Middle school principal oversees school environment built on mutual respect
PARKER – Connecting with the person leads to connecting the person to learning. Getting to know people is a priority for Sierra Middle School Principal Michelle Davis, as well as the teachers and students and the school.
Davis grew up in Rapid City, South Dakota, and it was during elementary school that she began to realize that her future would follow a path toward education.
“My fourth-grade teacher had a positive impact on me,” Davis said, explaining the origin of her career. “She took time to get to know me as a person and as a learner, and to provide me with opportunities that challenged me as a learner.”
Q & A with Michelle Davis
What was your first job?
If you had the opportunity to pursue another career, what would you choose?
What advice would you share with a college graduate entering field of teaching?
Who inspires you?
Have you recently seen a movie that left a lasting impression with you?
What is the last book you read?
What was your first car?
What is your favorite store to browse?
Do you have a favorite Colorado getaway
What is your favorite restaurant?
What is your favorite quote?
Do you have any pets that enrich your life?
Davis attended the University of South Dakota where she earned a bachelor’s degree in Political Science with a minor in English, and earned a certificate in education. She also earned a Master of Science in Education degree from Chadron State College.
Casper, Wyoming became home to Davis, where she spent nine years teaching eighth- and ninth-graders U.S. History, and then served as an assistant principal. Davis and her husband relocated to Colorado in 2002, and she joined the team at Sierra in the role of assistant principal. Her husband accepted a teaching job at Mountain Ridge Middle School, where he continues to teach today. In 2007, Davis was selected to become the principal at Sierra.
“My prior experience has helped me to develop relationships as well as skills that can be applied in my daily work as a principal,” Davis reflected. “Having experience as a teacher and having many different responsibilities as an assistant principal provided a broad view of how schools work.”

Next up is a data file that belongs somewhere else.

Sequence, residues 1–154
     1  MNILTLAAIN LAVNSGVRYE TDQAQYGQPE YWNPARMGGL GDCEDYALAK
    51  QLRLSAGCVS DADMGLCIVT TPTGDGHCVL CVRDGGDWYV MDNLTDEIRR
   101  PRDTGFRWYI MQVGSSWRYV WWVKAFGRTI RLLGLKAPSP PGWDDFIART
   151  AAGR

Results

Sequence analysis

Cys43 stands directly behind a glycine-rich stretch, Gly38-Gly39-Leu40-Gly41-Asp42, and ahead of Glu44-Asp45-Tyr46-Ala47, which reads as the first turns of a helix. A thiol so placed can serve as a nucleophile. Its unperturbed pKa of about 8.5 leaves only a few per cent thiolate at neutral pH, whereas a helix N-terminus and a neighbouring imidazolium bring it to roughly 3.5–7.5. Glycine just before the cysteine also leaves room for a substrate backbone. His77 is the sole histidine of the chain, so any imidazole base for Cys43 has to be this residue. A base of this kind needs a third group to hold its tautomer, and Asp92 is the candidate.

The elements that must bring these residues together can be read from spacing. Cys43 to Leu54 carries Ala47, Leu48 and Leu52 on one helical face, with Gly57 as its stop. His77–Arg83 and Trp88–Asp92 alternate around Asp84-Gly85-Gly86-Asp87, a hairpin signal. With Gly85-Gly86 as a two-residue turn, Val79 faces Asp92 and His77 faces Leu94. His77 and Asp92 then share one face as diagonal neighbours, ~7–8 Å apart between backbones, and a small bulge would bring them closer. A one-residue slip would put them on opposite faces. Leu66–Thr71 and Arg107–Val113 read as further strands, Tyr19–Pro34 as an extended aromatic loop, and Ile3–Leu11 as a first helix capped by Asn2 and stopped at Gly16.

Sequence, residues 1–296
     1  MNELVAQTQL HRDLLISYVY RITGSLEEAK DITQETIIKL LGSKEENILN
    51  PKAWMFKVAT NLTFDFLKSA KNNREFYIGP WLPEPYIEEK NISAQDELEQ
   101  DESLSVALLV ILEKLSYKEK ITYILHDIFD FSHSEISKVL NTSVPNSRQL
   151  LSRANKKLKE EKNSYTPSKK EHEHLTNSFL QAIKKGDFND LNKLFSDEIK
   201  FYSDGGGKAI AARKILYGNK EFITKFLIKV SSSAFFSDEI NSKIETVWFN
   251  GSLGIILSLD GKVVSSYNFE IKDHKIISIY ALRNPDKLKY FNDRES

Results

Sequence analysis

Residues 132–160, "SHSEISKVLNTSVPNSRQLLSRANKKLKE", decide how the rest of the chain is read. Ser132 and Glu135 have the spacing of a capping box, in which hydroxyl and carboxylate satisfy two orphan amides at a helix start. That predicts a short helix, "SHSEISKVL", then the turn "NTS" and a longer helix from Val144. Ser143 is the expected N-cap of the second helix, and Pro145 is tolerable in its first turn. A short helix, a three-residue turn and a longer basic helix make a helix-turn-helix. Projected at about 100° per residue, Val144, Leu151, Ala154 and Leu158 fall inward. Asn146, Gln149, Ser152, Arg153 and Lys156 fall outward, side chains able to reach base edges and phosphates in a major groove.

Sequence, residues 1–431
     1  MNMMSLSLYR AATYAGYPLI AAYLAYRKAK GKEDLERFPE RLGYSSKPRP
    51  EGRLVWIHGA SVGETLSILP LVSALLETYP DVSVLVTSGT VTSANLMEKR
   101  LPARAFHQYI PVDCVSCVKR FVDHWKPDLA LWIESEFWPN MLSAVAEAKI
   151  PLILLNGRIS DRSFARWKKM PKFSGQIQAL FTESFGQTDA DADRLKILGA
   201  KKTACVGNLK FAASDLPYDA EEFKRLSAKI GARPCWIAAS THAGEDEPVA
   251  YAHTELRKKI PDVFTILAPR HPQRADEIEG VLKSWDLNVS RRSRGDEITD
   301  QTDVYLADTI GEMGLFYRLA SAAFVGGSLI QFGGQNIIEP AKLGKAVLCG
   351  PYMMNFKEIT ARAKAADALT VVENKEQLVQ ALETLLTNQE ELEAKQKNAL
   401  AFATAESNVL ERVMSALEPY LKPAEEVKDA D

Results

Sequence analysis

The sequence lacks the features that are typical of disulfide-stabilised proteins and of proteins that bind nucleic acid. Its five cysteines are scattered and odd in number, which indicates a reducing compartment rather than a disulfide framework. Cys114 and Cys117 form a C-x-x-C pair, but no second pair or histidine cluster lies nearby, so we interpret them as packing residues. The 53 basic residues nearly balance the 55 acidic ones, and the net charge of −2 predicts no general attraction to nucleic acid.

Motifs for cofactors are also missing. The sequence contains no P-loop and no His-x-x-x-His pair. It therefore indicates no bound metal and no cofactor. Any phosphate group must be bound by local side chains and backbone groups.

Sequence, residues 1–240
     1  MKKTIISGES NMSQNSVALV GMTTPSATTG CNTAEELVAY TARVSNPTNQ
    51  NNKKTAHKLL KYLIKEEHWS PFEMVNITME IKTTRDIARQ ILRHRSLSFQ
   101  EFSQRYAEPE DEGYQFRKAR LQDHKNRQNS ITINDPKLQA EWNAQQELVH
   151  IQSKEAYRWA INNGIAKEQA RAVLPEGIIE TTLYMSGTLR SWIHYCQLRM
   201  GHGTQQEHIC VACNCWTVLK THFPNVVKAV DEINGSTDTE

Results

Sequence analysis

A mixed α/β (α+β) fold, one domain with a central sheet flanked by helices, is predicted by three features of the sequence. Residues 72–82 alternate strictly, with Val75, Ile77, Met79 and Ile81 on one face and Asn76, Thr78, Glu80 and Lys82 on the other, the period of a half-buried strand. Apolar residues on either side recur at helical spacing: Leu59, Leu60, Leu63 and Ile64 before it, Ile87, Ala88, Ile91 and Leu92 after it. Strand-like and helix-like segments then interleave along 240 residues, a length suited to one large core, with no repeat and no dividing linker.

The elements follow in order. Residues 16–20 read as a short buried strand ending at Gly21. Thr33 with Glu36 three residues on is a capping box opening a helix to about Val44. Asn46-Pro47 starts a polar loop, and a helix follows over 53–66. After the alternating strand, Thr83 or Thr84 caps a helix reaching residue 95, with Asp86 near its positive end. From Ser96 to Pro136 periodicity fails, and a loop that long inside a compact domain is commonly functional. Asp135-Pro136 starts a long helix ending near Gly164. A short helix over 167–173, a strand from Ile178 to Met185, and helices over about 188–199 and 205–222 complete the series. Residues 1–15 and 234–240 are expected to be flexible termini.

Davis approaches her role at Sierra with a student-centered philosophy: “Meet students where they are and help them reach their potential. This includes the academic and social-emotional realms as well as extracurricular opportunities.”
“Getting to know people is a priority at Sierra,” Davis continued. “We engage in activities with staff at the beginning of the year to help staff members get to know one another, and we try to include brief ‘mixer’ activities throughout the year. Teachers take time to get to know students at the beginning of the year and build relationships with them, as well as having students participate in team-building activities with one another.”
The staff at Sierra also use restorative practices to support student achievement, as well as a PBIS (Positive Behavior Interventions & Supports) model to communicate and reinforce how we treat one another in the school setting.
“Teachers also work with students to help them learn about the world around them, and I think this helps students recognize they can make a difference through their actions toward others. Students and staff share that they feel like Sierra is special because of how people treat one another and support one another,” Davis added.
Davis illustrates her point using the example of the schools’ annual holiday bazaar.
“This is an opportunity in which students showcase their creativity and demonstrate their learning while also raising money for charity. This is a rewarding experience for everyone involved.”
Davis often finds her job to be rewarding. When asked what she enjoys most about her job, her answer was quick: “Middle school kids!”